At the current rate, Morgan Stanley analyst Huw van Steenis reckons that rival Credit Suisse will surpass UBS in terms of wealth management assets by next year. “Credit Suisse Private Banking momentum means it could become larger than UBS in Swiss private banking going into 2011,” said Steenis, who expects UBS to lose a further 37 billion Swiss francs this year.
Gruebel recognized early on that the loss of credibility among wealth management clients was the single biggest issue he had to deal with. At first, clients were withdrawing their money strictly because of the credit crisis. But the breach of trust that followed the tax fraud scandal in the United States only made the matter worse.
He is expected to face a tough shareholder meeting on April 14. Activist investors like the investment fund Ethos plan to challenge the bank’s sizable 2009 bonuses and to vote against the discharge of UBS board members from any responsibility stemming from the credit crisis.
“Having done a fantastic job in building a global brand they were seriously damaged by the fact they went almost bust and did some serious missteps in public relations in the U.S. tax affair,” said Michael Malinski, a specialist wealth management consultant who has 22 years of practical experience in the business. “If you are a potential client, unless there was a compelling reason to go with UBS, you would choose someone else.”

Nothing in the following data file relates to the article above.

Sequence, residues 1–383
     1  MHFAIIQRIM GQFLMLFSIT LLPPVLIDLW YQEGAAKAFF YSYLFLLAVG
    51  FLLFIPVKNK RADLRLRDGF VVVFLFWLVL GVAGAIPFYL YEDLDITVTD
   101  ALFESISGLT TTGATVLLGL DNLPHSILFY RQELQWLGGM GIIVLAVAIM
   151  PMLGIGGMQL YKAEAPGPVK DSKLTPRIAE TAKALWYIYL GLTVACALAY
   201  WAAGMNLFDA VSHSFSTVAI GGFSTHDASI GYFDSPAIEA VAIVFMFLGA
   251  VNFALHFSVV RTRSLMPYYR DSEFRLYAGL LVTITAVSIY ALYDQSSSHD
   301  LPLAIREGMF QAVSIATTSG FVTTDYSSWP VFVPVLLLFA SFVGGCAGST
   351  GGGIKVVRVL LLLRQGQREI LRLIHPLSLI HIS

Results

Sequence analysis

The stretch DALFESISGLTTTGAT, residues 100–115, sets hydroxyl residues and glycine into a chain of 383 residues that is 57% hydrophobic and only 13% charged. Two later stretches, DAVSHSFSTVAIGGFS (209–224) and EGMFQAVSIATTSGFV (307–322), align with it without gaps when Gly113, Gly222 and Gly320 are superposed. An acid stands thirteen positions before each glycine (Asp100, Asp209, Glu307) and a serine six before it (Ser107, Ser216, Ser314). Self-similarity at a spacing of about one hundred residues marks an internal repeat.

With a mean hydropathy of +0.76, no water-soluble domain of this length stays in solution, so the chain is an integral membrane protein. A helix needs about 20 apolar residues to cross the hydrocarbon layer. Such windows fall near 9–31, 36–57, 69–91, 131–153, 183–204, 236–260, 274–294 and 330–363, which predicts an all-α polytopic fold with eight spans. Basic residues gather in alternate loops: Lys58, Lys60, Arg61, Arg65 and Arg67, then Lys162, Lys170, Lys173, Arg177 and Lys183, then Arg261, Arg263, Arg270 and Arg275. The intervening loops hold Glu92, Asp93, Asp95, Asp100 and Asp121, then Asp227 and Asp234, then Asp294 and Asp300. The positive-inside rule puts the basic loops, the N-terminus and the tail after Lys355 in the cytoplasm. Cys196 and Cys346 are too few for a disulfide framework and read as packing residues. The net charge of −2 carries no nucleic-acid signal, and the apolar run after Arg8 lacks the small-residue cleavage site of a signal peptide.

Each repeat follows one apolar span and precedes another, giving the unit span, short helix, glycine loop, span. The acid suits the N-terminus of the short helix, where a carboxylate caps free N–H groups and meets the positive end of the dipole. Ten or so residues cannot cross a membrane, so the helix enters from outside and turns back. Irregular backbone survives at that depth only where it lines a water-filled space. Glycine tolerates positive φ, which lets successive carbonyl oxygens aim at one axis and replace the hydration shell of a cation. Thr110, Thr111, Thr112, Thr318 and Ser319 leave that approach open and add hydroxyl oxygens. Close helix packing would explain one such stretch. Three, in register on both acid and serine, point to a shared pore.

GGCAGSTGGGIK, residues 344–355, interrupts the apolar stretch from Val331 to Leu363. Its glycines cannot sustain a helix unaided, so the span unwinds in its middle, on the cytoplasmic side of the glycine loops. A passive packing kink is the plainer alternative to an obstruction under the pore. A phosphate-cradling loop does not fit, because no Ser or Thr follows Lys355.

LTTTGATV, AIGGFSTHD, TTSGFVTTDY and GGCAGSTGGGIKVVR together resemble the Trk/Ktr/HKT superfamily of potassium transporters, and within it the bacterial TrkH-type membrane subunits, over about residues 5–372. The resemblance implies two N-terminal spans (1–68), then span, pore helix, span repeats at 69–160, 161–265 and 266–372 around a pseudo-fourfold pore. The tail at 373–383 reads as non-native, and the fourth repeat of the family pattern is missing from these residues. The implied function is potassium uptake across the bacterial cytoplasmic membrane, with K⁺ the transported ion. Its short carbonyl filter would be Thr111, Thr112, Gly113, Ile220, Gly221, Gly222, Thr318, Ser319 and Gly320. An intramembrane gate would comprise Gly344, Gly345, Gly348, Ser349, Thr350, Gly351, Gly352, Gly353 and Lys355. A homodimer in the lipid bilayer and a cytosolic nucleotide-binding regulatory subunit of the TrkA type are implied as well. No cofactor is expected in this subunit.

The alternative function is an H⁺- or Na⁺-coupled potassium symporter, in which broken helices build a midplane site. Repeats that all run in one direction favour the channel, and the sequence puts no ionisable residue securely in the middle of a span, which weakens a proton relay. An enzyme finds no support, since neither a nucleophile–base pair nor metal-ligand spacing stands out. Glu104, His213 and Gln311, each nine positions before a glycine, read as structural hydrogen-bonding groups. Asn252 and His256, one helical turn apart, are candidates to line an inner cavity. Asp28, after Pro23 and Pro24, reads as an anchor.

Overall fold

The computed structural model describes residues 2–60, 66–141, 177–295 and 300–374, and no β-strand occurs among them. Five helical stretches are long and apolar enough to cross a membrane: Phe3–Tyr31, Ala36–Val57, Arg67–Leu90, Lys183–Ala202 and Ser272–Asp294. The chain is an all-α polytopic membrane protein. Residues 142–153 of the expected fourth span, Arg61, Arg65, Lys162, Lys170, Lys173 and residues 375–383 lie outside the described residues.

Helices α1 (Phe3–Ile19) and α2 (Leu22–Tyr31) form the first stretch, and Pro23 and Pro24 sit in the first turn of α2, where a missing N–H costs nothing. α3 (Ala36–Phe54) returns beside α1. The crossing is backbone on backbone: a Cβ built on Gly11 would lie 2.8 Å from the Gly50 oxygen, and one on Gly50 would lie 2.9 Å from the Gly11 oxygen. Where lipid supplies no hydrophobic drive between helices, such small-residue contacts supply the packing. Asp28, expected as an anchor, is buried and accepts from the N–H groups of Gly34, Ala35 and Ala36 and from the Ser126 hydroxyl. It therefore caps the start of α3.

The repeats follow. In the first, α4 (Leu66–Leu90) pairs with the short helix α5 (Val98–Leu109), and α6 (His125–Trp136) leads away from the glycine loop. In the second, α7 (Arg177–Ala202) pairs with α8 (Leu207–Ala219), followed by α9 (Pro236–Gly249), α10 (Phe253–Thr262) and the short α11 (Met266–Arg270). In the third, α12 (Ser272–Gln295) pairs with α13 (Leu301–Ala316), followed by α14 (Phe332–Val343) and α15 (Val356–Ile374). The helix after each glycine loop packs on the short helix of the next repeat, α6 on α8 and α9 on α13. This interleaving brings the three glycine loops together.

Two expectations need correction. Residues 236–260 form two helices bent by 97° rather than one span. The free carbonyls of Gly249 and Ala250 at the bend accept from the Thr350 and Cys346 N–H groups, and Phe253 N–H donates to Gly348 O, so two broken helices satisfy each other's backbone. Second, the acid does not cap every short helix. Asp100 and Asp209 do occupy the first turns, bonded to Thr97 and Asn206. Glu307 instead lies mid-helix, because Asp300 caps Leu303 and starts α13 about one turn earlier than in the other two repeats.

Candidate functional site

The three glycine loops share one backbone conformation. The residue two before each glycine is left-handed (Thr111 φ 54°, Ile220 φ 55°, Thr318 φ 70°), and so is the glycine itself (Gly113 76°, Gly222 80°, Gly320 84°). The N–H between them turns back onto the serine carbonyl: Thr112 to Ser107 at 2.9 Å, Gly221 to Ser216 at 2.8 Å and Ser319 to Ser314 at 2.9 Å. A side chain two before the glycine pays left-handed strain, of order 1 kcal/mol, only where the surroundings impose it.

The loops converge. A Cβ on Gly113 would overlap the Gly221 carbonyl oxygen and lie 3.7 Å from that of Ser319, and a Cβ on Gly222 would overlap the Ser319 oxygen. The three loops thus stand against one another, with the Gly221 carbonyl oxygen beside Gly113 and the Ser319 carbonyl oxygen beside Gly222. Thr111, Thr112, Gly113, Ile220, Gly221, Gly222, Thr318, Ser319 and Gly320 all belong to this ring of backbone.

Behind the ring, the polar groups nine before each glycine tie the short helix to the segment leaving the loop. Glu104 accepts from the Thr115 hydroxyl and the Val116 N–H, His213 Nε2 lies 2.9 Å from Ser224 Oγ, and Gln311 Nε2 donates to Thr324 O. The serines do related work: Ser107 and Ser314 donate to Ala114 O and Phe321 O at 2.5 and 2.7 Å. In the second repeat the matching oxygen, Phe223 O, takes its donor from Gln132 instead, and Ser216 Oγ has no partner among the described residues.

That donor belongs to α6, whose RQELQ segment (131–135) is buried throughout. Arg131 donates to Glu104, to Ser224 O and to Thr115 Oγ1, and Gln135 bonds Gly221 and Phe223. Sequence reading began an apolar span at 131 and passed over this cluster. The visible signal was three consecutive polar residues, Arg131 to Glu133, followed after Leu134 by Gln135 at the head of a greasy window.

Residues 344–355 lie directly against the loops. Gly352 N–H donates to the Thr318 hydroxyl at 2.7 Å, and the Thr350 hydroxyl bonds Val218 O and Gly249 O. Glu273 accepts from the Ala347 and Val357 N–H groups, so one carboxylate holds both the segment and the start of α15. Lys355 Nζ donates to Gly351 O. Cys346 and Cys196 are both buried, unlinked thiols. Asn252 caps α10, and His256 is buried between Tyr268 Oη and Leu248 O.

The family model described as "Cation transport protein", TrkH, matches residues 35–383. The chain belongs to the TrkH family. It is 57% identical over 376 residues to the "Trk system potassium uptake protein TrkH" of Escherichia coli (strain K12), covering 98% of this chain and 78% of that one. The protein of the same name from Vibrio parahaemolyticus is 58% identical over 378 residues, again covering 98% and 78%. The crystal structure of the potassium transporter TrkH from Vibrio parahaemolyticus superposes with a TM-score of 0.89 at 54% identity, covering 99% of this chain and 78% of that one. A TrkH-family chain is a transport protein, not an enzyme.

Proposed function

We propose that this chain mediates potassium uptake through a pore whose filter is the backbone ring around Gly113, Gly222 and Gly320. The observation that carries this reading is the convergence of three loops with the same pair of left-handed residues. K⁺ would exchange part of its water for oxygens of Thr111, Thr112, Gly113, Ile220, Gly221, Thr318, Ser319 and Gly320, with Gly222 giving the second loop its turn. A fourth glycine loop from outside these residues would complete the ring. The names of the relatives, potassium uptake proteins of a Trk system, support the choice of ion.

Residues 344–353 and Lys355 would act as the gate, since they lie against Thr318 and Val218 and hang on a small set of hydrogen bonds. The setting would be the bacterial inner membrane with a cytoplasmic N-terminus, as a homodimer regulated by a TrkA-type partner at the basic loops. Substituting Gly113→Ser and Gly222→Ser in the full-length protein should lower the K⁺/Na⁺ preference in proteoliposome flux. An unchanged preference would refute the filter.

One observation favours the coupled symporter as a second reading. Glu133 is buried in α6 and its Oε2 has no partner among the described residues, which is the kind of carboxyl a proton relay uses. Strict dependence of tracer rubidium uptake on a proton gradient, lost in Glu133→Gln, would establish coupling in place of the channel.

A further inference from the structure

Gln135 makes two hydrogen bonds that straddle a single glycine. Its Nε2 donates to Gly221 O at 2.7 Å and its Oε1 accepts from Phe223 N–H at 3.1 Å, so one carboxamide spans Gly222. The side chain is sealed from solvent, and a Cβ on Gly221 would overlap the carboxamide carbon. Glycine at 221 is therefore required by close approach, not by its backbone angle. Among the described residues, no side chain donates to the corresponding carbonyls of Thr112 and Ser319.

Even though UBS suffered the bulk of its client outflows outside America, Former Paine Webber President Joseph Grano, who ran the post-merger UBS PaineWebber wealth management business in the United States before leaving in 2004, said he believes the Swiss bank’s brand name in the country is beyond repair.
Gruebel’s top priority is to stop the exodus of private client money. Some of the outflows are the result of clients choosing to remain with UBS financial advisers who have bolted the bank for greener pastures.
Ultimately, he must figure out what to do with the bank’s U.S. wealth management business — the old Paine Webber franchise that it bought for $12 billion in 2000 and which has been unprofitable ever since.
UBS tried to sell it repeatedly during the crisis, but could only attract low-ball offers.